A series I was skeptical about but absolutely devoured when I got to watch it, Love Life follows Anna Kendrick’s Darby Carter as a young woman navigating a series of key relationships from her childhood to adult life in New York city. I loved the series’ somewhat scientific approach to the generally messy adventure that is life, as well as how it’s not all about romantic love (some of the relationships featured are those with her mother and best friend) but about how important human connections are in figuring out who we are and what we want. In some exciting news, the series is going forward with an anthology structure, and season two will star William Jackson Harper of The Good Place!

Tiger King

After some “umming” and “aweing” we decided to include this on the list thanks to its sheer lunacy and its universal appeal, bringing us all together during some of the hardest days of lockdown. The docu-series focuses on a small and wildly entertaining society of big cat conservationists and collectors clashing in Florida with some unbelievable and scandalous results. We’ve all moved on to new fads but we’ll always have a soft spot for Tiger King.

The Good Place 

Season four (the finale) of this gentle and clever series dropped in early 2020 and we loved it. The series concluded with Eleanor Shellstrop and the rest of her afterlife gang proving their hypothesis to Maya Rudolph’s “the Judge” that the points system for assigning humans to the Good Place or Bad Place is fundamentally flawed; saving all of humanity’s souls in the process. This incredibly original show had an equally original and quite touching ending, and we’re going to forking miss it. 

The Undoing

Nicole Kidman and Hugh Grant lead this intriguing and complex whodunnit series that sees a wealthy couple’s lives upended when the husband Jonathan (Grant) is accused of a gruesome murder, leaving his wife Grace (Kidman) to grapple with the fallout. We love a mystery and this show’s suspenseful tone and incredible cast makes it one to remember. While some may have felt let down by the ending, it’s worth checking it out to see how you feel about it for yourself.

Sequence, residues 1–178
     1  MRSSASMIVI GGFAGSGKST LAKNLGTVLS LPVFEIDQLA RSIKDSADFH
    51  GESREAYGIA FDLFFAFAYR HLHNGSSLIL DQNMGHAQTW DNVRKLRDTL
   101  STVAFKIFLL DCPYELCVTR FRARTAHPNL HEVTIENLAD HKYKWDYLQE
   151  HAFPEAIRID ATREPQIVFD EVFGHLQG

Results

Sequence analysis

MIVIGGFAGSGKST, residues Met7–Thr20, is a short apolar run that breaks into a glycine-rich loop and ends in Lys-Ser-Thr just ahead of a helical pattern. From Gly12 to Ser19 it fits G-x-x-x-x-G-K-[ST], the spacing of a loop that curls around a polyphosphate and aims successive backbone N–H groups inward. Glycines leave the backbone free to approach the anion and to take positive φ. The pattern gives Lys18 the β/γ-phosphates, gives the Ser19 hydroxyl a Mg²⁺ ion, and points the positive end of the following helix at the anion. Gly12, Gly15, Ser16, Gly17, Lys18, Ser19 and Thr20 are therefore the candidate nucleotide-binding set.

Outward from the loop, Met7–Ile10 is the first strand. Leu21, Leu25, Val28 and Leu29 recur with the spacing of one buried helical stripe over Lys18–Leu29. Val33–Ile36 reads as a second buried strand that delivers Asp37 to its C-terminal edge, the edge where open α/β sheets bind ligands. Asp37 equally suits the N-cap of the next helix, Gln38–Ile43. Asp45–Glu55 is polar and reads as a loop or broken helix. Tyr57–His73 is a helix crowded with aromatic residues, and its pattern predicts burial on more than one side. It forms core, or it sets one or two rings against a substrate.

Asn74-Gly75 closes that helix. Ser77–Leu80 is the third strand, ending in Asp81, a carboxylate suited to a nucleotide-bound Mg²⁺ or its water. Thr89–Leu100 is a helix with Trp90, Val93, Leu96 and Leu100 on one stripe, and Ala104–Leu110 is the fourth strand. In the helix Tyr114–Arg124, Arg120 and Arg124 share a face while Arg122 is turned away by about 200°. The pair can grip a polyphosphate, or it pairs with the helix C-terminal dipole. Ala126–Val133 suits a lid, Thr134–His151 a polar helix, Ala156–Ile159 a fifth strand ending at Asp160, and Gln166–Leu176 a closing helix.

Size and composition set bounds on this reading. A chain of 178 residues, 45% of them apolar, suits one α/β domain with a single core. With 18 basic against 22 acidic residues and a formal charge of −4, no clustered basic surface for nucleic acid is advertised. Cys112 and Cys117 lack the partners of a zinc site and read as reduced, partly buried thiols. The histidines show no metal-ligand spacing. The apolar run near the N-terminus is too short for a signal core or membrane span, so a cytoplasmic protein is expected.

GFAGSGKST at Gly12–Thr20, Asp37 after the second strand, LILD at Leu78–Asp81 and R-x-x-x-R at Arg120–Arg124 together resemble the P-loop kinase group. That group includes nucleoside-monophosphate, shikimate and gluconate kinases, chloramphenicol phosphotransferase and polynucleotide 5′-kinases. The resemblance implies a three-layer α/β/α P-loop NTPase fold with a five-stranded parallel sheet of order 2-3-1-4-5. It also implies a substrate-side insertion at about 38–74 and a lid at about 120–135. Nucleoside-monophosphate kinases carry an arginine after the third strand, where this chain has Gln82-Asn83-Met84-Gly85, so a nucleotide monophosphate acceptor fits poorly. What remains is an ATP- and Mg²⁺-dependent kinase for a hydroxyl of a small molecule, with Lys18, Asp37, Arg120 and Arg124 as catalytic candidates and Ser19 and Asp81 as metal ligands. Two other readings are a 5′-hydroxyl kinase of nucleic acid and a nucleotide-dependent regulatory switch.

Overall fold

Blood & Water 

Shoutout to this epic local production that owned Netflix earlier this year. The series revolves around Puleng (Ama Qamata), a high school girl whose sister Phumelele was kidnapped shortly after her birth. One day, Puleng is invited to a party of a popular athlete studying at Parkhurst College, a prestigious school at Cape Town. While there she meets an older student to whom she shares a striking resemblance, and she starts to suspect she may have found her long lost sister. Deciding to try and get to the bottom of the situation she uncovers more than she expected. Listen, you had us at local.

Unorthodox 

The first Yiddish Netflix series, Unorthodox is inspired by Deborah Feldman’s autobiography, Unorthodox: The Scandalous Rejection of My Hasidic Roots. The four-part miniseries follows Esty, a 19-year-old Jewish woman in an arranged marriage living in an ultra-Orthodox community in New York City. After a spoilery development we can’t reveal, she runs away to Berlin, where her estranged mother lives, and explores life outside of her conservative community while trying to outrun her husband and his cousin as they search for her. Get ready for a LOT of feelings.